In the heat of the summer, MSNBC has been making changes in its lineup, mixing up its daytime on-air talent lately in what’s either a search for the right blend of old hands and new faces to anchor the network’s daytime news coverage (in the sprint to prime-time), or a holding action to get through the summer vacations.
The network’s taken another roll of the dice on its early-morning and midday lineups. Recently, a number of special guests have acted as co-hosts for MSNBC programs. Katrina vanden Heuvel, editor of The Nation, tag-teamed Wednesday with MSNBC political analyst Carlos Watson, a regular daytime fixture.
Earlier this week, Richard Wolffe, author of the Obama political biography “Renegade,” and Lawrence O’Donnell, former “West Wing” writer and longtime MSNBC political analyst, subbed for host Keith Olbermann on the popular “Countdown With Keith Olbermann.”
MSNBC has also been juggling on-air talent from other parts of the NBC universe. Melissa Francis, a reporter with CNBC (the business channel co-owned by NBC Universal and Dow Jones) has been working for weeks now opposite Contessa Brewer on the MSNBC set.
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This week, Donnie Deutsch — chairman of Deutsch Inc., a red-meat legend in the world of advertising, and former host of the recently cancelled “The Big Idea” on CNBC — has been subbing for David Schuster on MSNBC’s “Big Picture” segment, acting as midday co-anchor opposite Tamron Hall. It hasn’t always been successful. Deutsch, a man with a hardball, overbearing style, has a way of braying at his co-host and his guests that’s decidedly off-putting.
On Monday, MSNBC launched “Way Too Early,” with Willie Geist as host of this half-hour lead-in to “Morning Joe.” Geist’s show, which starts at 5:30 a.m. ET, is being pitched as that indispensable 30-minute digest of everything, from politics to pop, you need to know walking out the door.
“In 30 fast minutes, we’ll set the agenda and tee up the debates for the day,” Geist said in a network announcement. “Whether you're waking up on the East Coast, passing out in the West, or suffering from an untreatable sleep disorder somewhere in between, ‘Way Too Early’ will be a one-stop, A-to-Z crash course for your day.”
The taller order will be carving out a distinction between Geist and the other early-morning risers in an already crowded cable daypart.
The reliably-caffeinated Dylan Ratigan, formerly of Bloomberg and CNBC, continues his transition to mainstream cable visibility as the host of “Morning Meeting,” MSNBC’s top-of-the-real-morning (9 a.m. eastern) news and analysis show, which debuted on June 29. Ratigan’s show, like most of the others, offers its own news action items for the day ahead — its own bid to be indispensable.
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There’s more than one way to be indispensable, of course. MSNBC has smartly banked on Americans’ preoccupation with health-care issues, with “Dr. Nancy,” the personal health and news program featuring Dr. Nancy Snyderman, NBC’s chief medical editor, as the host. The show began June 29.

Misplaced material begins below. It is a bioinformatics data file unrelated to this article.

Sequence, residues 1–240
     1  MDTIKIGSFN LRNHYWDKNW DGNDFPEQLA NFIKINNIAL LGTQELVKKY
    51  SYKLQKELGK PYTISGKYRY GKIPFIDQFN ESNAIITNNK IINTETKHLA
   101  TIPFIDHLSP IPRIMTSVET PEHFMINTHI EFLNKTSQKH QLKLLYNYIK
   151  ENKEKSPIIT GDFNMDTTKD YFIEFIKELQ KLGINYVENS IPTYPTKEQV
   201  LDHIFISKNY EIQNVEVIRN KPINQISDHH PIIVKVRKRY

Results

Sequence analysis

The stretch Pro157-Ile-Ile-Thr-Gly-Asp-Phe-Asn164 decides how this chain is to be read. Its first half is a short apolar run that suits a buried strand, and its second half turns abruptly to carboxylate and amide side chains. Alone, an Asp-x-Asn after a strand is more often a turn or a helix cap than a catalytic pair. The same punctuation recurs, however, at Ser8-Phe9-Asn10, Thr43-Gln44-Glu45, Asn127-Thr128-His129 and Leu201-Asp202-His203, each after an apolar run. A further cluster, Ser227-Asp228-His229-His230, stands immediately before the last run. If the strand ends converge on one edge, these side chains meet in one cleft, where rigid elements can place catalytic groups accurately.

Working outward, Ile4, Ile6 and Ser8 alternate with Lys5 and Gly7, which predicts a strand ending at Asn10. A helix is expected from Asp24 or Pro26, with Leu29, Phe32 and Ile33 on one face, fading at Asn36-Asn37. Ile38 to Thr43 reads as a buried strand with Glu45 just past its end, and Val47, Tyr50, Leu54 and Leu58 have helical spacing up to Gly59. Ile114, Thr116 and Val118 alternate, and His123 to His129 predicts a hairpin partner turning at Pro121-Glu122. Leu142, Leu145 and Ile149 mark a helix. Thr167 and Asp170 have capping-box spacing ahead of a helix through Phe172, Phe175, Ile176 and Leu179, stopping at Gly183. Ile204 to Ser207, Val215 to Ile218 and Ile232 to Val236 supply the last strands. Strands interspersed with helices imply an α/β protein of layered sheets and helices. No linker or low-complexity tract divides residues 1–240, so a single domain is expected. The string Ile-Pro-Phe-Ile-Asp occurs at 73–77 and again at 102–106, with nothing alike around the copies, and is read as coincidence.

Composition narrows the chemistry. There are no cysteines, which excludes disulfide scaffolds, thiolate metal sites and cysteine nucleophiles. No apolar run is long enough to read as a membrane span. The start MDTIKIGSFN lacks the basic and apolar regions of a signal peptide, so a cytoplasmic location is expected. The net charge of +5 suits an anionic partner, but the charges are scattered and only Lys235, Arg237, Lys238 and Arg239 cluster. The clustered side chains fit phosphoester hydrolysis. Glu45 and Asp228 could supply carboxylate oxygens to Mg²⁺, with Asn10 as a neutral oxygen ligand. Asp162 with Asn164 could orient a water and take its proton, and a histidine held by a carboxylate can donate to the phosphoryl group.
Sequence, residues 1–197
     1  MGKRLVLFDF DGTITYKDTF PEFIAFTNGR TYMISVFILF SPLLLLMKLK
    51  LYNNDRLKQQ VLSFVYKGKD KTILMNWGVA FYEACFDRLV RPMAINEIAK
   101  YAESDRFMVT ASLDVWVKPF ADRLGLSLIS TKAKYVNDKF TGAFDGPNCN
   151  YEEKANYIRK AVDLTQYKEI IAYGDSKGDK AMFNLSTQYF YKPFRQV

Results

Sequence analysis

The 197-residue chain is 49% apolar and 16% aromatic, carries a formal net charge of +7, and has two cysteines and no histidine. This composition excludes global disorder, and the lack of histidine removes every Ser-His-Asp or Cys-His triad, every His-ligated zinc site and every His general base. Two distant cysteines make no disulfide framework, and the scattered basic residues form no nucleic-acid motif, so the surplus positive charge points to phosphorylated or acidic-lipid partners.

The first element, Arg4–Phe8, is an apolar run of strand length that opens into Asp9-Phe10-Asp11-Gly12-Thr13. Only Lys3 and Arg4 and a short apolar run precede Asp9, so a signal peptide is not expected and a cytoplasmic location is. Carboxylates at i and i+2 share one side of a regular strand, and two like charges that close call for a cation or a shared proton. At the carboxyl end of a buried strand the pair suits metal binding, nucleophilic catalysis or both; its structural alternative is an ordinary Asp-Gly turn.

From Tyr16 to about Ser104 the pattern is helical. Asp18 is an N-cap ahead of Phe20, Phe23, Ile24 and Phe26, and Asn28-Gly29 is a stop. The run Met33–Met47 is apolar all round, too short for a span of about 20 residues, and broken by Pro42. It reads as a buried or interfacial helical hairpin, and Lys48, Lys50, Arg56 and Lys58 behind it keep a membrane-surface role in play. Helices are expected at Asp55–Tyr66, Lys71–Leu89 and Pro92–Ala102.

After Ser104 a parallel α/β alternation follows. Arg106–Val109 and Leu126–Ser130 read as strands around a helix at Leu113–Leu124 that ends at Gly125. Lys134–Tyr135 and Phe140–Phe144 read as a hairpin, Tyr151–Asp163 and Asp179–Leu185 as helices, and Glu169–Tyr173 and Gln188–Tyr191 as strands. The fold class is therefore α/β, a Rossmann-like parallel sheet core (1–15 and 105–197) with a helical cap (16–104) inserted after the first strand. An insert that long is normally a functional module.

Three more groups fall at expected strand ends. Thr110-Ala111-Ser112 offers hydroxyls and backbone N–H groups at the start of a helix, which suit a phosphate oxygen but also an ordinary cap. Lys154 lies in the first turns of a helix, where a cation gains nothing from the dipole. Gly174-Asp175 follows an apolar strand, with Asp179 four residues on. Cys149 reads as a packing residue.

“Doctors are often treated as gods, and they aren't,” MSNBC President Phil Griffin told Howard Kurtz of The Washington Post. “This will break down some of the mythology around doctors and medicine.”
The show, on at noon eastern time, is proper to a fare-thee-well, broadcast on a set done in clinical blues and whites, with Snyderman’s sober-sided delivery about like watching paint dry.
And maybe that’s exactly the point: in a cablescape crowded with noisy, disputatious knights errant, “Dr. Nancy” stands out as much for what it isn’t as for what it is: a straightforward look at top-of-mind medical and health issues from the perspective of a physician (taking its obvious cues from CNN’s long-running Dr. Sanjay Gupta).
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Despite her obvious authority, Snyderman doesn’t exactly radiate warmth on camera; there’s something impersonal and borderline brusque about her. She sometimes mangles her TelePromptered lines; her team of producers and camera operators still fumble transitions. And the good doctor isn’t beyond uttering the perfectly silly. In a comment today about obesity in America, she admonished Americans to “stay in the perimeter of your grocery store where the good stuff is,” a statement that’s not so much advice as it is a bromide that belongs in needlepoint on a pillow somewhere.
Still, Snyderman’s program dovetails with rising popular concern about health care in the country; as the debate widens in the fall and winter months — a period in which the H1N1 swine flu is forecast to impact the United States — we should be able to expect Snyderman to offer real solutions for families stretched and stressed to the breaking point over health care.
If only all of this effort made an impact on the bottom line: TV Newser reported on Tuesday that Fox News Channel was still the one to beat, continuing its dominance in the cable news ratings. Fox topped CNN and MSNBC combined, and exhibited the most growth in the highly-coveted 25-54 demographic. In that cherished cohort, Fox News viewership is up 48 percent in total day viewing, and up 70 percent in prime time compared to the year before, TV Newser said.
Image credits: MSNBC logo, Geist, Snyderman: MSNBC.